A boot wax manufacturer and an air traffic control company share the top prizes at the inaugural Business and Environment Best Practice Awards.
It’s not about what you do, but how you do it. Which is why a boot wax company shared the podium with air traffic control at the inaugural Business and the Environment Best Practice Awards, presented by RT Media, chartered architects Scott Brownrigg, and DECISION magazine.
Nikwax is one of those enviable businesses that managed to get quite a lot right from the outset. It was set up by Nick Brown, who’d grown up trekking in the Derbyshire Peaks with his dad, and then discovered the wets and the wilds of Scotland. You don’t get very far up there without a good pair of waterproofed boots, but Brown found that traditional sprays would soften the leather. No rambler wants to choose between dry feet and firmly gripped ankles, so he came up with his own boot wax. It gets round the softening problem by coating the fibres with an elastic polymer, which has similar properties to a boot sole: it’s flexible and resists tear, but draws the fibres back to their original position.
This was the early 80s, when the hole in the ozone layer was just beginning to hit headlines. Brown took note, replacing traditional solvents with a non-aerosol applied water-based emulsion. But what marks his business out now from other 80s start-ups is that Brown also looked at all its potential impacts: from the raw ingredients (preferring vegetable oil or wax-based water repellents to fluoro-chemical ones) to the waste stream – all of which is recycled or converted into fertiliser. He’s exploring ways to cut carbon relative to turnover, and has teamed up with the World Land Trust to offset unavoidable emissions. It’s a business with a pretty sound overall aim, too: making sturdy outdoor clothing that will last a long time so that you don’t need to buy a new pair of hiking boots every time you head for the highlands.
If you’re handing out prizes to green business, you’re likely to spot a friendly firm like Nikwax before you get to NATS, an air traffic control company which handles 2 million flights a year from 15 airports in the UK. But the thinking at NATS is no less bold. It was the first air traffic controller in the world to work out the amount of CO2 emitted by planes as they travel through the 2.5 million square miles of airspace it controls: 70,000 tonnes a year. And it was the first to set a target to reduce it – by an average 10% per flight, against a 2006 baseline, by 2020.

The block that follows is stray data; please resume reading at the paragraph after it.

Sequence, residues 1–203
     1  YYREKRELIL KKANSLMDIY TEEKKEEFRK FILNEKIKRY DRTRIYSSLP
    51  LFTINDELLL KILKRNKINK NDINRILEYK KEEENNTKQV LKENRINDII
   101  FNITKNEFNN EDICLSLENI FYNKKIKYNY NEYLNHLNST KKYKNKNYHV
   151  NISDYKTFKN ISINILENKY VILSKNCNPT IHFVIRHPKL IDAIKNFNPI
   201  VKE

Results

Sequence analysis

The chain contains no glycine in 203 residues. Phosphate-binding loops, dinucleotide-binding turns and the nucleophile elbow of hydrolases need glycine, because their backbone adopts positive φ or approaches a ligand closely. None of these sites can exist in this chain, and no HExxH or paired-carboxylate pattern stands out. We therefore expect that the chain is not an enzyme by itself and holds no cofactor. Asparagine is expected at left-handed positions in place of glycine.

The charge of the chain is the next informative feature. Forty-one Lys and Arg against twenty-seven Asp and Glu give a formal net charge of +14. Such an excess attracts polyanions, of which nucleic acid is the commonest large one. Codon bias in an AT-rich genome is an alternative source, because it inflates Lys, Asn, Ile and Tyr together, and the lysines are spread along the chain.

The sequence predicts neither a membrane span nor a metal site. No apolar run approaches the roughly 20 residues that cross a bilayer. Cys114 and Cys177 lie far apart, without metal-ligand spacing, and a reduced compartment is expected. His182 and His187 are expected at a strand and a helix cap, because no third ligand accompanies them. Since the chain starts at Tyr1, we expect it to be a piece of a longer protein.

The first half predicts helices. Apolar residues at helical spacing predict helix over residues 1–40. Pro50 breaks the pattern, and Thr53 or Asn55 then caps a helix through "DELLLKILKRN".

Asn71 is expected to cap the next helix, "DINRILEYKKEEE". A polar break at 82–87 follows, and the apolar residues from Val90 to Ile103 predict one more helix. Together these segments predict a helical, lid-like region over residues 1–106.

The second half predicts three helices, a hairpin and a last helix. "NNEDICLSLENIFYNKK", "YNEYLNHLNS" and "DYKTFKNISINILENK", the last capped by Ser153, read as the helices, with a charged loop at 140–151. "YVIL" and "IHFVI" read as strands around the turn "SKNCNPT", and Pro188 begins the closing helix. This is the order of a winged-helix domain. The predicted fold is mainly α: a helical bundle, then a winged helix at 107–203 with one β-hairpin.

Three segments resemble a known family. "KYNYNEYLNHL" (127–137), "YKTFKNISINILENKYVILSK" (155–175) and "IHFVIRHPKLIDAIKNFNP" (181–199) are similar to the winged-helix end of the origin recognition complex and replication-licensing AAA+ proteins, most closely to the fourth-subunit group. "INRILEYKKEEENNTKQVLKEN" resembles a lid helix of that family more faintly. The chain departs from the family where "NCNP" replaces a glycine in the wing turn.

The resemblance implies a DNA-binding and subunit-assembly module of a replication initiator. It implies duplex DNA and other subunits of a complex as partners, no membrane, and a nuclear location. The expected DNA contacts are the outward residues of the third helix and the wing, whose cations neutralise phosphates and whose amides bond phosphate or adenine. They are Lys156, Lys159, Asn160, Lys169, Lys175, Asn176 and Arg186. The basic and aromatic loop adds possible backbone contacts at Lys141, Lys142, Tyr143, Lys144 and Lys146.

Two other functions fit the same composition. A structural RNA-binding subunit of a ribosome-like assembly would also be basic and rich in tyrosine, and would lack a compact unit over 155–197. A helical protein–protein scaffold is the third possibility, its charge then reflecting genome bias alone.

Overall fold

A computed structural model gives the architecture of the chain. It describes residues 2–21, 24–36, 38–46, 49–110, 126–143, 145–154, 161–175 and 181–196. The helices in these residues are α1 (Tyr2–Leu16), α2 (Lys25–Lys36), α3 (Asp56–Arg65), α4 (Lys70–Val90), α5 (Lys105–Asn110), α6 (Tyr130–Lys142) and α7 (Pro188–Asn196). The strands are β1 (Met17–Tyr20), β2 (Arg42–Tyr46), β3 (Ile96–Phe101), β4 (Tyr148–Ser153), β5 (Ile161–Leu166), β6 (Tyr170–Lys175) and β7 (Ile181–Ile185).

Cutting carbon of flights under NATS’s control by just 1% would save airlines £45 million a year
One carbon-cutting solution NATS promotes is a better flight profile to optimise fuel consumption. It teamed up with British Airways and BAA to run a commercial trial flight from Edinburgh to Heathrow, demonstrating potential carbon savings of 10%, by cutting 0.35 tonnes of fuel.
The company estimates that cutting the carbon footprint of flights under its control by just 1% today would save the airlines £45 million a year: not a bad way to encourage change in an intensely competitive field.
“NATS don’t operate the airports, and they don’t own or fly the planes”, observes Larry Dilner, Publisher of DECISION magazine, and a judge for the Business and Environment Best Practice Awards. So why are they doing it? “NATS will tell you it’s about leadership”, explains Dilner – and this is what impressed the jury.
Other ‘world firsts’ to be recognised by the Awards included overall winner IBM: the first company ever to publish an environmental policy, some 40 years ago. By 2013, it will require all its 28,000 suppliers to do the same; some of them, representing 80% of its $37.4 billion annual spend, already do, measuring their performance and publicly disclosing the results. Pureprint also received an award, as the first printers to become carbon neutral and early adopters of waterless and alcohol-free printing.
So, good news for those having a green epiphany. You don’t have to change your day job: just do it differently. – Anna Simpson
Pureprint Group is a Forum for the Future partner.
Photo: iStockphoto / thinkstock